Europeans Opting for MBAs Closer to Home

B-school-bound Europeans are increasingly applying to MBA programs on the Continent, which are shorter and cheaper than their U.S. counterparts

Scottish business school student Steven Renwick used to harbor what he called a "vague aspiration" to get his MBA from an American institution such as the Stanford Graduate School of Business. Then he took a closer look at the price tag. The cost of a two-year degree at a top U.S. business school would easily set him back more than $150,000, an investment of time and money he was not comfortable making. Says Renwick: "It seemed like a massive opportunity cost."

Instead, he considered schools in Europe with one-year MBA programs, such as Switzerland's IMD (IMD Full-Time MBA Profile), France's INSEAD (INSEAD Full-Time MBA Profile) and the University of Oxford's Saïd Business School (Saïd Full-Time MBA Profile). He ultimately applied to and was accepted by Saïd, a school known for its strong entrepreneurship offerings, with a more affordable tuition of about $57,000. "I was always very aware of U.S. business schools because they were so highly ranked, but they just seemed astronomically expensive to me," says Renwick, who is now at Saïd working on launching an Internet startup. "I didn't see the advantage of getting myself into that much debt before even going into business."

Renwick is part of a new generation of European MBA students who are increasingly looking to attend business schools on their home continent, rather than going abroad to the U.S. for their business school education. In the past five years, the number of Europeans who are sending their Graduate Management Admission Test (GMAT) scores to U.S. schools has declined sharply, according to a report released this month by the Graduate Management Admission Council on European application trends. In testing year 2006, 50 percent of Europeans test takers sent their GMAT score reports to business programs in the U.S., a number that slipped to 37 percent in 2010. Neighboring Canada also has not fared well. In 2006, Canada was among the top 10 countries to which European citizens sent their GMAT scores, but in 2010, Canada slipped from that list, according to GMAC. Instead, such countries as the U.K., France, and Spain have become leading destinations for European applicants.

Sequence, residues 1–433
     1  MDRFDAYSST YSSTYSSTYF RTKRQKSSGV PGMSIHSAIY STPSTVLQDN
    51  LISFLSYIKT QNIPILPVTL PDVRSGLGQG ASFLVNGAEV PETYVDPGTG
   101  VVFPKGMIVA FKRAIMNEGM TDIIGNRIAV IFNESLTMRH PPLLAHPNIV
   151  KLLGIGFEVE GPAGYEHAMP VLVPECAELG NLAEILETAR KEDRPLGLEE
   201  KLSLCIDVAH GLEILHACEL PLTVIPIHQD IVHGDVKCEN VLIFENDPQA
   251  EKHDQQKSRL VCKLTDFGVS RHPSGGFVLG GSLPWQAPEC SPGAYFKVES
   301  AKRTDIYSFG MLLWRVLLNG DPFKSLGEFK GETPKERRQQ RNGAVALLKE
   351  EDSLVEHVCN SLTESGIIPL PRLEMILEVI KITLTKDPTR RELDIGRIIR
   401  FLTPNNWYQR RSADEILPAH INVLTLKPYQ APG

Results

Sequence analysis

Europe on the Rise

The shift in the admissions pipelines has far-reaching implications for both American and European business schools and could result in permanent changes in the business school admissions landscape, says Nunzio Quacquarelli, managing director of QS Symonds, a London company that organizes the annual QS World MBA Tour.

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